The Transition to the Golden Rule Steady State

So far we have assumed that we can choose the economy's steady state and jump there immediately. In this case, the policymaker would choose the Golden Rule steady state to maximise consumption.

We now suppose that the economy is in a steady state other than the Golden Rule. We will examine what happens to consumption, investment and capital when then economy transitions to another steady state.

The economy currently has less capital than in the Golden Rule steady state, which we can reach by increasing the saving rate:

The increase in the saving rate at $t=0$ causes an immediate fall in consumption and rise in investment (before the capital stock starts to increase). As investment has increased whilst depreciation is constant, the capital stock is no longer in a steady state. As the capital stock increases, so does output, consumption and investment. After around 5 periods, consumption exceeds the initial steady state level. Since the initial saving rate was below the Golden Rule, the increase in saving eventually leads to a higher level of consumption.

Since the new steady state level of consumption is higher than the initial level, the increase in saving raises economic welfare. However, achieving the new Golden Rule steady state requires an initial period of reduced consumption.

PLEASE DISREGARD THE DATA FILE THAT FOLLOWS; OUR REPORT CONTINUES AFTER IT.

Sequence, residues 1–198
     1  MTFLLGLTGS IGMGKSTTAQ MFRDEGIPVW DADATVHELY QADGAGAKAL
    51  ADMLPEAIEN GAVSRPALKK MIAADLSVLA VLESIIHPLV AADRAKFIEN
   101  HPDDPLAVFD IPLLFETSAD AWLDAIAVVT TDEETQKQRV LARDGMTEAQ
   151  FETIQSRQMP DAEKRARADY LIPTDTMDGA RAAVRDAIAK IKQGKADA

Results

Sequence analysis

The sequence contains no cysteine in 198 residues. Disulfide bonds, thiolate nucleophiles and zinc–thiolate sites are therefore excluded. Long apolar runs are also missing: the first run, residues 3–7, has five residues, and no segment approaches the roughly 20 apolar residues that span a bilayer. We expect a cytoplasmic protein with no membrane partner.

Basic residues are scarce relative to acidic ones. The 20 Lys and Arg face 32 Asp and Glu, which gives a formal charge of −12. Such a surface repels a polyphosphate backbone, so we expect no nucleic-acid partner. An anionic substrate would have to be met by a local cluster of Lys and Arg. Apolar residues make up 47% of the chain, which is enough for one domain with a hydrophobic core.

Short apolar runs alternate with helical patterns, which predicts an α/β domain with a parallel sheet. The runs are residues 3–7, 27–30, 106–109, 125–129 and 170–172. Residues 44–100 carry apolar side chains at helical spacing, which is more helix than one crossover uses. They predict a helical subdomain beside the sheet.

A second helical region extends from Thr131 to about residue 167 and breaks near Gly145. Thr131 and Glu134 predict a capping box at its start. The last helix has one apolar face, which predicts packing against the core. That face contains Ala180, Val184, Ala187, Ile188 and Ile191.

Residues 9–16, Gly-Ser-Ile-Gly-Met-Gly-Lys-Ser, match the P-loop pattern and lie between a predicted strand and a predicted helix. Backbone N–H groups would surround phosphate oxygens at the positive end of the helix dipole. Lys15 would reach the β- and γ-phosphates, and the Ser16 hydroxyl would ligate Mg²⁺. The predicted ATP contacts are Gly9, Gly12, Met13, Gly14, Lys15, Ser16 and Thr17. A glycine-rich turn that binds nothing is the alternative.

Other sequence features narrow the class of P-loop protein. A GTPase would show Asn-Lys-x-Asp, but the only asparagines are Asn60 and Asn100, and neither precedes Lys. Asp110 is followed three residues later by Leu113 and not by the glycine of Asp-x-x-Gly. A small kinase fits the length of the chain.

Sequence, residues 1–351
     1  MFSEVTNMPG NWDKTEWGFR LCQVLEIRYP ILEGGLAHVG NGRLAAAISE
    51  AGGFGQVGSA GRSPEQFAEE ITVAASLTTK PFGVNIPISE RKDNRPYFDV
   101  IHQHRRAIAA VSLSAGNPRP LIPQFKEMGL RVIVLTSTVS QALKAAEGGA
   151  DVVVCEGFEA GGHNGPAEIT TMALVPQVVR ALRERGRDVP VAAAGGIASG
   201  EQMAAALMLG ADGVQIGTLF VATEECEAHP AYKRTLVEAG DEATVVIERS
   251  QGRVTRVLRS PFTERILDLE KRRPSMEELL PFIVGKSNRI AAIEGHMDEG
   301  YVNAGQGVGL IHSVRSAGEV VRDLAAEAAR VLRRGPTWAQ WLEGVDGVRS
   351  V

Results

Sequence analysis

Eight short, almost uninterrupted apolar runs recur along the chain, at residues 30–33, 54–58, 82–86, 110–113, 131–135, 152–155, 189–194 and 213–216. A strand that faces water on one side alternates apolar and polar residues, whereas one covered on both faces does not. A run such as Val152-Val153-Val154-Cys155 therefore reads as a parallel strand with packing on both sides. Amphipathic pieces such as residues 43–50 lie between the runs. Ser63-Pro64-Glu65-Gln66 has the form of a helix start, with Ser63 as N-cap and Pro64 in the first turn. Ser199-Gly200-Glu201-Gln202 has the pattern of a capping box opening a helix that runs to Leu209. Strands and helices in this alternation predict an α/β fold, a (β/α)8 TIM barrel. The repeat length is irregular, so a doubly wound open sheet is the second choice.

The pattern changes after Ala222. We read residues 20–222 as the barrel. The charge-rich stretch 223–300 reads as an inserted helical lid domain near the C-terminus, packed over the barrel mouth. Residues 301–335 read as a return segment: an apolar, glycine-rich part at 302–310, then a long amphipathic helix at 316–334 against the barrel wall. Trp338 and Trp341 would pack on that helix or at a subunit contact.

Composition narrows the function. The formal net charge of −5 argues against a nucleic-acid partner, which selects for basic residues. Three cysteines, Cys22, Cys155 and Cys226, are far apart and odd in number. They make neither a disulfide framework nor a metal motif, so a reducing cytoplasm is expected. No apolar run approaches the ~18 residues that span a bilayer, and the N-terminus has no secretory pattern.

We now consider the case in which the economy begins in a steady state with more capital than in the Golden Rule steady state (click here to set the economy to this state). In this case, the policymaker should reduce the saving rate to diminish the steady state capital stock:

The reduction in the saving rate at $t=0$ causes an immediate increase in consumption and an equal decrease in investment. Because investment and depreciation were equal in the initial steady state, investment will now be less than depreciation. Hence, the capial stock falls, leading to a reduction in output, consumption and investment. The economy reaches the Golden Rule steady state, in which consumption is higher than it was before the change in the saving rate, even though output and investment are lower.

Unlike when we started with too little capital, consumption is higher not only in the new steady state but also along the entire path to it.